Reverse Logistics
Paul Trudgian Ltd | Supply Chain & Logistics Consultancy No Comments

Supply chain costs can rise significantly when dealing with the thorny issue of reverse logistics.  Often costs rise due to mismanagement and these can be avoided if a reverse logistics management process is integrated into the supply chain.

This brief article looks at the problems of reverse logistics and the benefits of investing in a well-managed returns process.

The Council of Supply Chain Management Professionals define reverse logistics in their Supply Chain Management Terms and Glossary (August 2013) as follows: “A specialised segment of logistics focusing on the movement and management of products and resources after the sale and after delivery to the customer. Includes product returns for repair and/or credit.”

In addition, reverse logistics can include activities such as prevention strategies to avoid products being returned, and the reduction of materials in the forward logistics process so that less waste needs to be dealt with in the returns process. Prevention activities include the collection of accurate data from the customer at the point of return. Analysis of this data should reveal why products are being returned and reduce future returns. The recovery of unwanted, damaged or faulty goods can include recycling, repackaging, refurbishment and returns made to the supplier or to stock.

There are many seemingly small problems encountered in the forward logistics process which contribute to the amount of products that are returned. These can include inaccuracy in the counting of products being loaded, loading onto the wrong vehicle, mistakes in the administration of paperwork or some impairment or damage to the product during loading or shipping. Integrating the returns management process with the overall supply chain process can start to solve these problems, delivering greater efficiencies by introducing a coherent approach to the entire supply chain cycle.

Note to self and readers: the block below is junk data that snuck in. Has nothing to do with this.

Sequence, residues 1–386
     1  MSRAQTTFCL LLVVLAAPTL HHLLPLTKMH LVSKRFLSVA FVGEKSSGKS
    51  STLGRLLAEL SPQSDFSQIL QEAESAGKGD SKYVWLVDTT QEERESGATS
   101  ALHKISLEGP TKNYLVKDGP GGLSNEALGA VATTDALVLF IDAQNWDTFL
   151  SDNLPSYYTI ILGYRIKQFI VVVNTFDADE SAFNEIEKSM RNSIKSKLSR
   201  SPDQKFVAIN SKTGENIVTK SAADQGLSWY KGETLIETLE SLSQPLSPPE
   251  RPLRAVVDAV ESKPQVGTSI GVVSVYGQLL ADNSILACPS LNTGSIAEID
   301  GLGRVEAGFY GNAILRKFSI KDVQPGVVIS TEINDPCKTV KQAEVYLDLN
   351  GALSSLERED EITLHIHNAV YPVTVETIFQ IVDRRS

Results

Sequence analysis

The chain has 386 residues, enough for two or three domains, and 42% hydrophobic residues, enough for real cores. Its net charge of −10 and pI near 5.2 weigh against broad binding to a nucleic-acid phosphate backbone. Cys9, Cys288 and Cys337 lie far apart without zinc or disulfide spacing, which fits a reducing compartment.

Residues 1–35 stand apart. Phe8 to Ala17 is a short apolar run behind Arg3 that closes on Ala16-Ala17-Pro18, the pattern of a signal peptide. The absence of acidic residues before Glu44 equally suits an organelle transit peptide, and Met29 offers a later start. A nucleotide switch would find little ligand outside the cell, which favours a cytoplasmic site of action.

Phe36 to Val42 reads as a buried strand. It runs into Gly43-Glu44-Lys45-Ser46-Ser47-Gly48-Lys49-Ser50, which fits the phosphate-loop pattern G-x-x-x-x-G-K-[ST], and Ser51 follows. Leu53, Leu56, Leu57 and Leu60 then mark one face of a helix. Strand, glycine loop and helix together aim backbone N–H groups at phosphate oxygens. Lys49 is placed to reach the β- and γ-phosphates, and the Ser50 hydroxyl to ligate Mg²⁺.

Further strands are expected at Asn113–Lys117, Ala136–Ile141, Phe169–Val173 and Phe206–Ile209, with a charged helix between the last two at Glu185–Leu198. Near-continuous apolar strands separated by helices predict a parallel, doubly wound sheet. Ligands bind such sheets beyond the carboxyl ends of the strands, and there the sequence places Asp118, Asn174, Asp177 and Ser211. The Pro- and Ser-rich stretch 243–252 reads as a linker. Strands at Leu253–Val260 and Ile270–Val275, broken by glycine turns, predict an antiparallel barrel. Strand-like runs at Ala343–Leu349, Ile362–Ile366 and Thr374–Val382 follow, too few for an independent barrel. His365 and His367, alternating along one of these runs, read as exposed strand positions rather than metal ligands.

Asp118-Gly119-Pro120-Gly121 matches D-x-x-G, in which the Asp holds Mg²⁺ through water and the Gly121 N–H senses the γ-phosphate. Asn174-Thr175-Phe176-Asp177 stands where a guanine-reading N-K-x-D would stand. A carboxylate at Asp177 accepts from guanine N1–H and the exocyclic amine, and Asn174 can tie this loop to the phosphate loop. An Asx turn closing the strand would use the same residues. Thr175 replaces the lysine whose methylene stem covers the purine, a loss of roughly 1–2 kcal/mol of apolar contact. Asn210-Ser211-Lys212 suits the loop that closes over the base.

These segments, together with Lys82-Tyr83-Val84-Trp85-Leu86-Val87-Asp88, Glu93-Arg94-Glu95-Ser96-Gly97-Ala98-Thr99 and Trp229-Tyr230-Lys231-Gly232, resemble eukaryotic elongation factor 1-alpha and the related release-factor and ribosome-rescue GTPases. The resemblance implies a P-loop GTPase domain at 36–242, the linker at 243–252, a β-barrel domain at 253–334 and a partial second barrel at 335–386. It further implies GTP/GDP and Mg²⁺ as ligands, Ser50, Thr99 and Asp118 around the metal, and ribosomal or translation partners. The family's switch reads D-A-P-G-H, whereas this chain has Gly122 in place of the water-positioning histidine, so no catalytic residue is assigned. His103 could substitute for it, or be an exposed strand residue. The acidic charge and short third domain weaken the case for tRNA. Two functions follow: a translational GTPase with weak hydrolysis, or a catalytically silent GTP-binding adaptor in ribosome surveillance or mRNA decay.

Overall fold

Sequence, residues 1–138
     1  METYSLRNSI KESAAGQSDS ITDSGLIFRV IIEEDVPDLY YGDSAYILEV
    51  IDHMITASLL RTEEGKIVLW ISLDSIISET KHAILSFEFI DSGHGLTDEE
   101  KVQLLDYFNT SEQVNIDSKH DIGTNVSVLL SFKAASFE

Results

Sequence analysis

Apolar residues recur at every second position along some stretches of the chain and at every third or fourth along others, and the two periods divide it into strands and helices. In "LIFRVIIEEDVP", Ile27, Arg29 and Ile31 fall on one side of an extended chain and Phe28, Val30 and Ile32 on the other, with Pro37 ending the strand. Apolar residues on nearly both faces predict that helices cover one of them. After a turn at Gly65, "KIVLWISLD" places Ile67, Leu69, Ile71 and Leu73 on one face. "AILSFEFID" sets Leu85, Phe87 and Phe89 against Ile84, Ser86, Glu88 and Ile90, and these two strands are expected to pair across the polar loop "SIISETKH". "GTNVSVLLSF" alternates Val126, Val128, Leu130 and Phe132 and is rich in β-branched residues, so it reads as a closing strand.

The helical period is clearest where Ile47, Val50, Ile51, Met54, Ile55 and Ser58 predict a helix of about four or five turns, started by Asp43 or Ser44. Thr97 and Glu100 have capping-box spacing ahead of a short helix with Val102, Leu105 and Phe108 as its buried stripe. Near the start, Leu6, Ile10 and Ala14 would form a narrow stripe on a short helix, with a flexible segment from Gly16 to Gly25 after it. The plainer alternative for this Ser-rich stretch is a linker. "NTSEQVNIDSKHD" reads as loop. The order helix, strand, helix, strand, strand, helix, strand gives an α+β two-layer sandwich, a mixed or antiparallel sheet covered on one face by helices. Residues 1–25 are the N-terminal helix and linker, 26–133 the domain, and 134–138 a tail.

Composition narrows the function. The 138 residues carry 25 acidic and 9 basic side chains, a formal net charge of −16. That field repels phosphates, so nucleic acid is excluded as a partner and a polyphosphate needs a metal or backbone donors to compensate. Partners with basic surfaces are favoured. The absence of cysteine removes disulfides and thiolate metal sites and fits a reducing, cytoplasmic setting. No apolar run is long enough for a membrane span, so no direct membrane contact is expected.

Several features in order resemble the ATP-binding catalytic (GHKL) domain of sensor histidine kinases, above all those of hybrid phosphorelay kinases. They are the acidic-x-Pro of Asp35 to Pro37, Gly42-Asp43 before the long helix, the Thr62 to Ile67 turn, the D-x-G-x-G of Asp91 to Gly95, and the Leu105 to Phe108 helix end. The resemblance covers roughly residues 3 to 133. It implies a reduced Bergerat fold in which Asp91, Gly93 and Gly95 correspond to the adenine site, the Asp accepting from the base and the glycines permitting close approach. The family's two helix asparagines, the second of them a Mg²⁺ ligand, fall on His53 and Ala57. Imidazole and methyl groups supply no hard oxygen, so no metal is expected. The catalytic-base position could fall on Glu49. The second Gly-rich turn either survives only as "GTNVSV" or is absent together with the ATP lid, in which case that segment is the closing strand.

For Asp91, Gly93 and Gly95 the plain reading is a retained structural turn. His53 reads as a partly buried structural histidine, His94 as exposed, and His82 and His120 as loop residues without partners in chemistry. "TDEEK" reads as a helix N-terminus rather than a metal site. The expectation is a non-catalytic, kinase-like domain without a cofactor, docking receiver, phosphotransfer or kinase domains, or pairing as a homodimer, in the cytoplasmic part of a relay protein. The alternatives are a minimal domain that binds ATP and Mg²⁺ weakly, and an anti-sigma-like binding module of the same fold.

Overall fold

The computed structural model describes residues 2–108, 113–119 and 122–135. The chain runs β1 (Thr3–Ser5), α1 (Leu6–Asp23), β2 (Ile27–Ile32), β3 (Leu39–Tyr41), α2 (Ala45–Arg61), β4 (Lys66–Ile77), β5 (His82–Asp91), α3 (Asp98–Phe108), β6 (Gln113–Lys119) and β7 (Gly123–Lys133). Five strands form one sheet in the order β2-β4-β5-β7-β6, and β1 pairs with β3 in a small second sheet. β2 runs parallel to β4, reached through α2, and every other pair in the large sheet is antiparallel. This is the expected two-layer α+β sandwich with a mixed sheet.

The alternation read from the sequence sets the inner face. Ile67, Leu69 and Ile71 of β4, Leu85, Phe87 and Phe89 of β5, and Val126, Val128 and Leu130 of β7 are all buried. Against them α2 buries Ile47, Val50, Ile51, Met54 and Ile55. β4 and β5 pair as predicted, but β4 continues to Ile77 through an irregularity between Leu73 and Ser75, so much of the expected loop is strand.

Another key element to the reverse logistics management process that it’s important to consider is risk management. For example, risk management processes are essential in the returns of dangerous or out of date products. These products increase the difficulty of the returns process due to the increase in regulation and the potential for harm. The education of processing staff is necessary to avoid contravention of specific regulations and thus to avoid damaging the reputation of the company and the payment of fines.

Inevitably, the reverse logistics process is more of a challenge than the forward logistics process. It is unpredictable, including a higher level of unknown factors which can be tricky to forecast. For example, predicting which products will have a greater than normal return or fail rate can be very difficult. However, there are clear benefits to investing in a properly managed process which leads to increased profitability and further develops sustainability.

A well-managed reverse logistics process can deliver profitability from increased efficiencies in the forward supply chain, reduction in the use of resources and better customer satisfaction from the analysis of returns data. The reduction of costs can also contribute to the sustainability of the supply chain; recycling old equipment will gain some if not all of the return on the original investment.

The benefits of sustainability also include better adherence to data protection, as data is wiped during the recycling of equipment, and greater competition between manufacturers for limited resources due to the reuse of materials. Notwithstanding the boost to customer satisfaction rates gained from excellent environmental credentials. Getting control of product returns and integrating an efficient reverse logistics management process is an opportunity to reduce costs and enhance sustainability that shouldn’t be missed.

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